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About the British Antarctic Oral History Project

Background

In 1985 British Antarctic Survey (BAS) Archives Service began an oral history project to preserve the memories those who had worked for, or closely with, Operation Tabarin, 1943–45, Falkland Islands Dependencies Survey (FIDS), 1945–61, and British Antarctic Survey (BAS), 1962–present. The project declined after 1988 due to lack of resources but was revived in 2003, when a professional freelance interviewer was employed to undertake most of the recording work.

In March 2009 the British Antarctic Oral History Project (BAOHP) was initiated. It is a collaboration between BAS, BAS Club, UK Antarctic Heritage Trust (UKAHT) and Scott Polar Research Institute (SPRI) to capture reminiscences at a greater rate than otherwise was possible. The project arose from an earlier idea proposed to the BAS Club by Gordon Devine.

Aims

  • To preserve and make accessible the unofficial history of British endeavour in the Antarctic, particularly that of BAS and its predecessors, by recording the reminiscences of former staff and of others closely associated with the Survey
  • To acquire first-hand accounts of events, activities, background culture, and gain insight in to decisions and policy, relationships between organisations and individuals etc which are unlikely to be represented in the official record held in the archives
  • To capture an essence of individuals by recording their memories in their own words and/or still or moving images of them in conversation

Funding

Most of the funding is provided by UKAHT and BAT Government via UKAHT.

BAS Club has paid for about 10% of the interviews.

BAS Archives Service contributes on average 3 per year.

We also gratefully acknowledge contributions from:

Interview Cataloguing and Access to Recordings and Transcripts

Detailed information about the interviews archived at the British Antarctic Survey is maintained in the BAS Archives Database. The database details whether the interview is an audio recording or filmed interview, who funded and conducted the interview, the date of the interview and the transcriber of any transcript. The database also provides a synopsis of the interviews, information about the interviewee including their job and years of service and if possible a photograph. Some interviews are not yet listed in the Archives Database and many interviews require work on their database entries. A pdf download is available listing the interviews that have been added to the database. As resources allow an online version of the archives database will be developed.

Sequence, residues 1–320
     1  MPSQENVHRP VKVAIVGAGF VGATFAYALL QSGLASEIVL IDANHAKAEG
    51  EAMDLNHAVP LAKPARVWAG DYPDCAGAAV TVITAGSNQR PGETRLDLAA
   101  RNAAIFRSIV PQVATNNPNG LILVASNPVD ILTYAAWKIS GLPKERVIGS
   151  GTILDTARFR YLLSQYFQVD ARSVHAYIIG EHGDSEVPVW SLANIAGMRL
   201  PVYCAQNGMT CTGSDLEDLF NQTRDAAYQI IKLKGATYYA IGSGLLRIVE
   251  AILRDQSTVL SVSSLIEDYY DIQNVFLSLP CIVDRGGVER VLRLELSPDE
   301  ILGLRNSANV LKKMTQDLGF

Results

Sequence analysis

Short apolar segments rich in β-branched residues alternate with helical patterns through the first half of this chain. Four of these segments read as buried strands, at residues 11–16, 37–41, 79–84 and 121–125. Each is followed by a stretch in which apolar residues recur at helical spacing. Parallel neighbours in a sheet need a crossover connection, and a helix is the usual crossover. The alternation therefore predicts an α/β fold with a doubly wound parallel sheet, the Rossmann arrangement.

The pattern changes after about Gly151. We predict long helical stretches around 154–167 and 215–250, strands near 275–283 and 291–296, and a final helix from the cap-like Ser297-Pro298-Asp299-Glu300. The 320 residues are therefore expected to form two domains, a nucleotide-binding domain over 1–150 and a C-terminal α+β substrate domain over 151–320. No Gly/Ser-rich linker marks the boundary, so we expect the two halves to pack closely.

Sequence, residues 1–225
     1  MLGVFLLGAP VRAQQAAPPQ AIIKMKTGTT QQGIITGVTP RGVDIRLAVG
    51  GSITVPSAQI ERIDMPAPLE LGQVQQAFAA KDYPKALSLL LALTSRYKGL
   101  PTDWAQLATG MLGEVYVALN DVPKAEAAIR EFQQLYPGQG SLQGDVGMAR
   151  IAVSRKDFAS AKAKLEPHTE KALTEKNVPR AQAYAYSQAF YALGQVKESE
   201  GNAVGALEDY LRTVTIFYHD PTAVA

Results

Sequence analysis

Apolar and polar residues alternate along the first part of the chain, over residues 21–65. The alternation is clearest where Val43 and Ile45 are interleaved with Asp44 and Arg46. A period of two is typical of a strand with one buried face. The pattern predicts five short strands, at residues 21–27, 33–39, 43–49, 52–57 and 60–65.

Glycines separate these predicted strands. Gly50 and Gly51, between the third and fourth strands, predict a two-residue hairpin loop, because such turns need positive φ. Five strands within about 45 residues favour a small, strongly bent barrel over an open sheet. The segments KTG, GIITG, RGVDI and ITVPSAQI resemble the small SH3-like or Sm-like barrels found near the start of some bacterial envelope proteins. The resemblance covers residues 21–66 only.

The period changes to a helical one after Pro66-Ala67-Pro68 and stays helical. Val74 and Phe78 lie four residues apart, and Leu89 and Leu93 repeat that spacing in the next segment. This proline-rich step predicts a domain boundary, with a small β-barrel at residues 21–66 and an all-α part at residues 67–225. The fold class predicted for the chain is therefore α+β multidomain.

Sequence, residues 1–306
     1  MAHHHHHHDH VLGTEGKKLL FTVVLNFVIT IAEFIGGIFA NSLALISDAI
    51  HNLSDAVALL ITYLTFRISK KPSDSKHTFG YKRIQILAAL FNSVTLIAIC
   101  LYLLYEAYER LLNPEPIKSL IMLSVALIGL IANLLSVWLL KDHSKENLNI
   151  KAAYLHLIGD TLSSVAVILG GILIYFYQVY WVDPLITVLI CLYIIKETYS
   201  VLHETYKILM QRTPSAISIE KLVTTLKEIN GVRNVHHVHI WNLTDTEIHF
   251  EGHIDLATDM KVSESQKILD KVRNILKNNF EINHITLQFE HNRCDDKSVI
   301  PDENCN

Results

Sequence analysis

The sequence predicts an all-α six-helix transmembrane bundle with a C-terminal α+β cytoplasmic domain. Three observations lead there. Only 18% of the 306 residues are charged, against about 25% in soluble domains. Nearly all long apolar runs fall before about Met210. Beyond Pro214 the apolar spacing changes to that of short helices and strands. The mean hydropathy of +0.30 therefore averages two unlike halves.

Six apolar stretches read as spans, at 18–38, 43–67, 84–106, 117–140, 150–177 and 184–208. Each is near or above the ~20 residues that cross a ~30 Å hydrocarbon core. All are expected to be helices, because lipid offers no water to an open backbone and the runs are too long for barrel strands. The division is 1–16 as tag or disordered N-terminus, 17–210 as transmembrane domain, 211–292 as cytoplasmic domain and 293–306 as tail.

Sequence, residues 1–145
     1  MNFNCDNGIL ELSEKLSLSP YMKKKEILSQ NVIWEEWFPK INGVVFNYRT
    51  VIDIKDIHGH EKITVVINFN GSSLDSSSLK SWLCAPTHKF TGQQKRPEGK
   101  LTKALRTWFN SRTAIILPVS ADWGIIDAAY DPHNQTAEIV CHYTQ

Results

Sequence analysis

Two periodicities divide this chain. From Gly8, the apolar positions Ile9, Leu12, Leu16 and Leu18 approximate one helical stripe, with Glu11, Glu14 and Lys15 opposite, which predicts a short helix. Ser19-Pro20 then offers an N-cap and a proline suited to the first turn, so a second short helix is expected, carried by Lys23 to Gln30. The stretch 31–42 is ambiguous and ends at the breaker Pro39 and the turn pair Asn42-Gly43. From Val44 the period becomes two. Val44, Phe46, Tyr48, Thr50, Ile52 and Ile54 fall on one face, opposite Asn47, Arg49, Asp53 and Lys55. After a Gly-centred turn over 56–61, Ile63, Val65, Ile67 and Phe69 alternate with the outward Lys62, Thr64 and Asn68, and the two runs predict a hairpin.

Transcripts of some of the interviews are also available. Transcribing is time consuming but a team of volunteers are continually adding to the collection.

Results of the project can be accessed by:

Project team

The team consists of a mix of paid and volunteer enthusiasts, led by project coordinator Amanda Lynnes (UK Antarctic Heritage Trust). We try to meet annually as a group.

Coordinators (the management team):

  • Amanda Lynnes (UK Antarctic Heritage Trust), project coordinator and coordinator for UKAHT-funded interviews
  • Joanna Rae (BAS) archivist, coordinator for BAS-funded interviews
  • Allan Wearden (volunteer), coordinator for BAS Club-funded interviews
  • Naomi Boneham (SPRI archivist)

Interviewers:

  • Chris Eldon Lee (freelance) (audio)
  • Jack Tolson (freelance) (moving film)
  • Felicity Aston (freelance interviewer) (audio)

Researchers:

  • Peter Bird (volunteer research leader)
  • Terry Allen (volunteer)
  • Melanie D’souza (volunteer)
  • Dave Burkitt (volunteer)

Transcribers:

  • Andy J Smith (volunteer transcription leader)
  • Alan Carroll (volunteer)
  • Mike Leach (volunteer)
  • Chris Lush (volunteer)
  • John Blunn (volunteer)
  • Ken Hill (volunteer)
  • Claire and Charlie Robb (volunteers)
  • Alex Gaffikin (volunteer)
  • Sue & John Edwards (volunteers)
  • Carys Torres (volunteer)
  • Maggie Russell (volunteer)

Cataloguers:

  • Sophie Leverington (BAS Archives volunteer)
  • Judith Lloyd-Jones (BAS Archives volunteer)